Collected data was entered into a database and was subsequently statistically analyzed using SPSS® (IBM Corporation, Armonk, NY, USA) for Windows® version 20 (Microsoft Corporation, Redmond, WA, USA). We first examined the prevalence of RLS. Any demographic factors that might correlate with this disorder were analyzed. We also attempted to detect correlations among psychiatric conditions and RLS. Bivariate analysis was performed to examine correlations between patient demographics and characteristics, RLS, the primary psychiatric diagnoses, and any substance use. Associations between RLS and the type of psychiatric diagnoses were assessed using Pearson’s chi-square test. All tests were two-sided with a type one error of 0.05. The RLS-related findings presented here are preliminary results as part of a larger pilot study looking at the prevalence of multiple sleep disorder among hospitalized psychiatric patients.
Among the 126 participants who completed the survey 44% were diagnosed with depression, 12% with schizophrenia or a psychotic disorder, 18% with bipolar disorder, and 16% with substance use disorders (Table 1). Additionally, 34% reported taking over-the-counter sleeping aids, 11% reported using cannabis, 2% reported using illicit opiates or heroin, and 7% were using nonprescribed benzodiazepines.
Table 1 Baseline characteristics
Screening with the RLS rating scale in our sample showed that 18% of the participants were suffering from restless legs symptoms and 50% of those had moderate-to-severe RLS symptomatology. RLS was correlated with depressive symptoms (r=0.202, P<0.05) and working night shifts (r=0.202, P<0.05). Higher PHQ-9 scores (more depressive symptomatology) were associated with a higher likelihood of RLS (Table 2). Among participants with severe depressive symptomatology (per PHQ-9); 34% were found to have RLS as per Table 2. Among those with suicidal ideation (per item 9 on PHQ-9); 21% were found to have RLS (χ2=6.38, P=0.01).
Table 2 Depressive symptomatology and RLS
Sex, age, and psychiatric diagnoses did not significantly correlate with RLS as shown in Table 1. Regarding nicotine and caffeine use, there was no correlation between the use of caffeine and/or nicotine and RLS symptomatology (Table 3).
Table 3 Prevalence of caffeine and nicotine use in patients with RLS
To the best of our knowledge, this pilot study is the first of its kind to examine the prevalence of RLS in hospitalized psychiatric patients in Lebanon and the Middle East region. Our findings suggest that the presence of a sleep disorder such as RLS can be a detrimental factor for the mental health of psychiatric patients. In our sample, it is reasonable to assume that participants were suffering from severe psychiatric illness as they were a hospitalized population and the additional burden of sleep disorders was potentially a factor that could be mitigated if recognized and treated. This is of particular importance in Lebanon, a country with high levels of psychosocial stress that has suffered from several decades of armed conflict, ongoing violence, and political instability. These factors have been shown to significantly increase the odds ratio of developing mental health disorders among the Lebanese; as well as increasing the probability of traumatic brain injuries and other injuries that can exacerbate pre-existing psychiatric disorders.28,29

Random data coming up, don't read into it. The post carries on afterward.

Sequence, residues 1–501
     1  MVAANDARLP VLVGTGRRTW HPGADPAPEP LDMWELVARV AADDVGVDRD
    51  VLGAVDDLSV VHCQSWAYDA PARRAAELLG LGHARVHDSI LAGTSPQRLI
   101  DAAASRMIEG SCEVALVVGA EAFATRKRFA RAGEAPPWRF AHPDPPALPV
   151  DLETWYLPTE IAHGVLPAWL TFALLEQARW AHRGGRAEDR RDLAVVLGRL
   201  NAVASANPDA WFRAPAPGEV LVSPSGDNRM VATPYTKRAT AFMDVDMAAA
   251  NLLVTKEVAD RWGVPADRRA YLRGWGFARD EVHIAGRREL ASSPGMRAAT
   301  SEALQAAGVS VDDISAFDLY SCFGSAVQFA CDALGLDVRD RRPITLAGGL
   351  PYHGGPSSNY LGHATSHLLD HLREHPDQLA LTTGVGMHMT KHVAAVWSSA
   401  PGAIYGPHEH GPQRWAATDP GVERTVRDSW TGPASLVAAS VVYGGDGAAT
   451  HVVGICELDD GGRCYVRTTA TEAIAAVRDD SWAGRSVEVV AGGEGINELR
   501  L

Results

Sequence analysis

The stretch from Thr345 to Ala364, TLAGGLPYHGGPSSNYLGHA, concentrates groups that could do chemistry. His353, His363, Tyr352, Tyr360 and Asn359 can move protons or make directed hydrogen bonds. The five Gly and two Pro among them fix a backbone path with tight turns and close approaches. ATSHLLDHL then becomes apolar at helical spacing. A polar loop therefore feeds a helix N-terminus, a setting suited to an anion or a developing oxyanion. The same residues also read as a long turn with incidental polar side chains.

The overall prevalence of RLS in Lebanon and the neighboring Arab region is unknown. A Saudi study found that renal patients with insomnia had a high prevalence of RLS at 62%.30 The overall prevalence of RLS has been estimated at 5%–10% in European and North American population-based studies. The prevalence of clinically significant RLS is 2%–3% in Caucasians, but is lower in Asians, and rates among Asians have been reported as 0.8%–2.2%.31,32 The prevalence of restless legs symptoms in our study was 18%, with 50% of those screening positive for RLS having moderate-to-severe symptoms. Females and older adults have been reported to have a higher prevalence of RLS;9 this was not detected in our sample, possibly due to our sample size. The detected prevalence of clinically significant RLS is on the high side when compared to the available literature and this is of interest (and concern) as we did detect a significant association between suicidal ideation and RLS in our population.
As an altered dopaminergic state is the core pathophysiology behind RLS, the association of RLS severity with suicidal ideation may be reflective of a hypodopaminergic state, which also exacerbates depression. Alternatively, those who have suicidal ideation (sicker patients) may be taking more psychotropic medications that potentially exacerbate RLS. Recent studies have supported associations between depression and RLS,33 suicidality has also been associated with insomnia severity.34 Nicotine and caffeine have an unclear association with RLS: they were thought to worsen RLS; however, recent population studies did not find a significant link with RLS.12,13 Our findings regarding caffeine, nicotine, and RLS are consistent with the recent literature.